Economic growth and transition to sustainability

When POW formed last year, it was formed by a group of people who care about the earth, care about other people, and believe that all people have a right to a fair and equitable share to live a dignified life.

Since then, you have become a part of our network. We all have in common a sense, a feeling, an intuition that our biosphere is being degraded, that the climate is changing, pollution is increasing. We also have in common an idea that we can make a difference by sharing our stories, encouraging one another and getting out there and doing things. It’s a start.

We often look to our politicians for solutions. Governments, whether local, state or federal seem to see that the answer is more growth. Whenever the GDP figures come out, always the expectation is that there must be growth. To have zero growth or even worse, negative growth, is a disaster. That perception is quickly reflected in the stock market. It propagates through the economic system. It’s reflected in the responses of our politicians.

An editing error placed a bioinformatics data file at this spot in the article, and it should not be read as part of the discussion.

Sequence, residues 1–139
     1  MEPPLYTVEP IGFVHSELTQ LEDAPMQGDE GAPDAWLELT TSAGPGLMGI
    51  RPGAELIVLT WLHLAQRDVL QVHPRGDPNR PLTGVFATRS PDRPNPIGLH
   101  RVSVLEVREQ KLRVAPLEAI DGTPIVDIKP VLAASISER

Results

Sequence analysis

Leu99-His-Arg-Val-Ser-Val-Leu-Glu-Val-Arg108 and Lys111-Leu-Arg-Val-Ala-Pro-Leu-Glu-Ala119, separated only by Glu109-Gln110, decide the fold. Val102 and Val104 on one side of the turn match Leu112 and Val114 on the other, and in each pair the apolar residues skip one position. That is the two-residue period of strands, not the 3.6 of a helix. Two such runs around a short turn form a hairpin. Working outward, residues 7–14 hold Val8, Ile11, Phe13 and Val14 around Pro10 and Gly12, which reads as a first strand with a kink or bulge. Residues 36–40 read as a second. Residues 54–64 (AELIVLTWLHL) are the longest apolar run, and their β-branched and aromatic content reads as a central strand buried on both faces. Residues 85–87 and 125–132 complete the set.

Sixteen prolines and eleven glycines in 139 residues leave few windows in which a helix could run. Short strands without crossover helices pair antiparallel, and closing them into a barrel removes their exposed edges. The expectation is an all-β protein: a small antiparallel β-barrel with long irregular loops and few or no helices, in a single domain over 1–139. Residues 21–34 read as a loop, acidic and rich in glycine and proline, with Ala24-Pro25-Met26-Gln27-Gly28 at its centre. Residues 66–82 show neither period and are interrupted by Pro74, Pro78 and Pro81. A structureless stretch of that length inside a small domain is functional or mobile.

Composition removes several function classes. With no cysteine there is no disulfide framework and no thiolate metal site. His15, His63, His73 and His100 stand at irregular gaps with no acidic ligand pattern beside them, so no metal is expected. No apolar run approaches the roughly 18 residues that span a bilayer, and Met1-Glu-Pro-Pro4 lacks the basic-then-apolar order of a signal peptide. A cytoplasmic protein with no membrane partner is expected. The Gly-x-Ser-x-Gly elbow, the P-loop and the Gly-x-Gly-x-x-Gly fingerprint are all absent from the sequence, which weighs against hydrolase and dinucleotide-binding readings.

Whether we want it or not, we are part of the system that perpetuates the idea that growth is the answer. We need to start questioning whether growth will help us to have a lighter and smaller impact on this blue globe of water, clouds and land, travelling around the sun. The earth has finite sources; how do we reconcile a finite source with infinite growth?

Have a look at this video. Then go to this website, http://www.neweconomics.org/ and download the PDF http://www.neweconomics.org/sites/neweconomics.org/files/Growth_Isnt_Possible.pdf. Have a read. In a fortnight’s time, the next part of this topic will address 2 important revolutions in human culture; the agricultural revolution that started around 10,000 years ago, and the industrial revolution that started about 250 years ago. What lessons can we learn from these revolutions?